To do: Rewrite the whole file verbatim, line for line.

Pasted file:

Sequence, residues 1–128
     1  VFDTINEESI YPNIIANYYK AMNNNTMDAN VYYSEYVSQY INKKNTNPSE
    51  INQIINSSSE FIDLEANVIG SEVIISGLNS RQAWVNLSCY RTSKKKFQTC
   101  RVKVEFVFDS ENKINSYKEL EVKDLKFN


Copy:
Sequence, residues 1–128
     1  VFDTINEESI YPNIIANYYK AMNNNTMDAN VYYSEYVSQY INKKNTNPSE
    51  INQIINSSSE FIDLEANVIG SEVIISGLNS RQAWVNLSCY RTSKKKFQTC
   101  RVKVEFVFDS ENKINSYKEL EVKDLKFN